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Project to Discuss Race and Genetics in Class

High school biology classes largely avoid discussing race, but a new study starting this month plans to address race and genetics in the hopes of clarifying students' misperceptions, the New York Times reports.

Researchers from BSCS Science Learning are enlisting high school teachers to have tough discussions about race with their students, a topic many biology classes have avoided by noting that race is a social, rather than biological, construct, the Times adds. But, it says, some teachers think that approach of avoidance may not be working, it says. According to the Times, one in five respondents to a survey of affluent, majority-white high school students agreed with unfounded statements like "Members of one racial group are more ambitious than members of another racial group because of genetics."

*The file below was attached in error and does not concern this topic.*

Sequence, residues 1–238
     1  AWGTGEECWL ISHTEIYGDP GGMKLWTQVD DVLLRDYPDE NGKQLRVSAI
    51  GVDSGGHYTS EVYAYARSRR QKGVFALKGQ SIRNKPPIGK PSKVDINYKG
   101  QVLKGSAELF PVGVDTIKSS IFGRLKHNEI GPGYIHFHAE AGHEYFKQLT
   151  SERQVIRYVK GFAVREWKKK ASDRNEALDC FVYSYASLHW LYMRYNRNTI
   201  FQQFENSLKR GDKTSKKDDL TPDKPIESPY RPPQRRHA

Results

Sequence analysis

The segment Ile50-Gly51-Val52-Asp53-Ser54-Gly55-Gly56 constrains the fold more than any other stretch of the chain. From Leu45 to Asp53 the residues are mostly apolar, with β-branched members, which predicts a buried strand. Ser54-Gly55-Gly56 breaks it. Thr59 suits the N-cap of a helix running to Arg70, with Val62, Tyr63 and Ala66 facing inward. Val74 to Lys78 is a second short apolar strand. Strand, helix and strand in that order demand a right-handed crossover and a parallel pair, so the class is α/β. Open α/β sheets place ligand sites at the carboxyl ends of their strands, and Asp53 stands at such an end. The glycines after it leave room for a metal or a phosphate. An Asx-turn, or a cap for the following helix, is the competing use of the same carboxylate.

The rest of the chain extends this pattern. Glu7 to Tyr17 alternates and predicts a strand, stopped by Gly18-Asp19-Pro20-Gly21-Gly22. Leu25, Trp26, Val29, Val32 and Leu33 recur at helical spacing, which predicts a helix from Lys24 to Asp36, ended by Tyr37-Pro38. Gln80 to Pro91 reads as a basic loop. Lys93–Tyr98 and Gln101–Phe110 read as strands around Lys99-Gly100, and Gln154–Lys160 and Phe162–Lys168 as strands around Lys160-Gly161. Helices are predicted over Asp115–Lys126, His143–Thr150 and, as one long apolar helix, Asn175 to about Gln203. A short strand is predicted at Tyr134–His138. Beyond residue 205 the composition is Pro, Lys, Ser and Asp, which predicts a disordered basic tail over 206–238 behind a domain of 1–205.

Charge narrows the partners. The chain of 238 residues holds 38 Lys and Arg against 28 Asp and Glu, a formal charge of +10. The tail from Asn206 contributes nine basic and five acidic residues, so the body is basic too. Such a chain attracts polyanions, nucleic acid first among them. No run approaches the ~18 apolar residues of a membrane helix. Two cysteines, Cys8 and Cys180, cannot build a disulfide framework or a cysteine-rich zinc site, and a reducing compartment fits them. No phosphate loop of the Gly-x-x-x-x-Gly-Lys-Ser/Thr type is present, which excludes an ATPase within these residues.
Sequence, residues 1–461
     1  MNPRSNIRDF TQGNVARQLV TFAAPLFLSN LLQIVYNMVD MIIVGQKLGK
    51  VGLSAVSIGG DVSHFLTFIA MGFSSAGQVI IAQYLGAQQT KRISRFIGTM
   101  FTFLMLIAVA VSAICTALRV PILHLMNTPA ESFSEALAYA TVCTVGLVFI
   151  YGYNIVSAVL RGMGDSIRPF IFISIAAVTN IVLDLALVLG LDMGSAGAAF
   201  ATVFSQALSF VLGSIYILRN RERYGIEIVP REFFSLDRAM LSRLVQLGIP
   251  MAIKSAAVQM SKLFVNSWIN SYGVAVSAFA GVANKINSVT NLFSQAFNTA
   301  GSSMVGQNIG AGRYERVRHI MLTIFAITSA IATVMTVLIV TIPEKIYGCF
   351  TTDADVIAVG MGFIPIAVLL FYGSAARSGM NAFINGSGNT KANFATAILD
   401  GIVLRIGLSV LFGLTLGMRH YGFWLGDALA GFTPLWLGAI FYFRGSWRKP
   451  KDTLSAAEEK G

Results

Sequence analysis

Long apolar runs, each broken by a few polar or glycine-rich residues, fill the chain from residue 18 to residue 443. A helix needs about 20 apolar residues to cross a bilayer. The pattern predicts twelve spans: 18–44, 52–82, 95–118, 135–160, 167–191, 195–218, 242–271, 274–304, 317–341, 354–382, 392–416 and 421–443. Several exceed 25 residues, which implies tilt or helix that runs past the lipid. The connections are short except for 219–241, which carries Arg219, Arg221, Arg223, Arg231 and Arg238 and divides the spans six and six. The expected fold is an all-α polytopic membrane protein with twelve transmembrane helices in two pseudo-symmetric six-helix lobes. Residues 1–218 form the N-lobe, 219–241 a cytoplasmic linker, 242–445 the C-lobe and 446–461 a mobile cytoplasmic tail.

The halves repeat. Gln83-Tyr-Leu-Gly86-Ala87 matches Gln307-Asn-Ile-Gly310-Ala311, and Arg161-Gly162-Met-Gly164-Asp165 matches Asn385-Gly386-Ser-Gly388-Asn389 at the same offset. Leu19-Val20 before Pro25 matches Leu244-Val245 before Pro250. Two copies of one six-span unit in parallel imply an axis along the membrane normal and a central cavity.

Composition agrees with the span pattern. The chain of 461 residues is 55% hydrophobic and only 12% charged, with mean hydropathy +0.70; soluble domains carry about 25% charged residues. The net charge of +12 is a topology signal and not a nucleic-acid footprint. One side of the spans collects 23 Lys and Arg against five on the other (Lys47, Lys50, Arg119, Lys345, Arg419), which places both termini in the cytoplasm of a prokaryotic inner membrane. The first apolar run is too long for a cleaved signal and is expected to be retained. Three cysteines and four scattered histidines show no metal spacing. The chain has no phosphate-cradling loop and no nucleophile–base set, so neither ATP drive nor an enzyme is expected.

BSCS's Brian Donovan is training a handful of teachers to dispel these misconceptions, as middle schools and high schools are often the only place students learn about genetics. In a pilot study, he found that students who followed a version of his curriculum were less likely to say that racial groups have  particular qualities due to genetics.

"The thing to remember is that kids are already making sense of race and biology, but with no guidance," he tells the Times.